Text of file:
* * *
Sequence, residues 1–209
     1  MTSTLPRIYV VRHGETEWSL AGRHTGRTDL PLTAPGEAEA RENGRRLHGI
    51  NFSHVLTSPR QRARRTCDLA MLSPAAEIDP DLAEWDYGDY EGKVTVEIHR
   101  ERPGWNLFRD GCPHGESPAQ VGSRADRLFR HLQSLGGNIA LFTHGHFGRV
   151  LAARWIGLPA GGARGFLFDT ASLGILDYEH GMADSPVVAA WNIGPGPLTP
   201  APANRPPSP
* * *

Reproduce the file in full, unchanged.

Sequence, residues 1–209
     1  MTSTLPRIYV VRHGETEWSL AGRHTGRTDL PLTAPGEAEA RENGRRLHGI
    51  NFSHVLTSPR QRARRTCDLA MLSPAAEIDP DLAEWDYGDY EGKVTVEIHR
   101  ERPGWNLFRD GCPHGESPAQ VGSRADRLFR HLQSLGGNIA LFTHGHFGRV
   151  LAARWIGLPA GGARGFLFDT ASLGILDYEH GMADSPVVAA WNIGPGPLTP
   201  APANRPPSP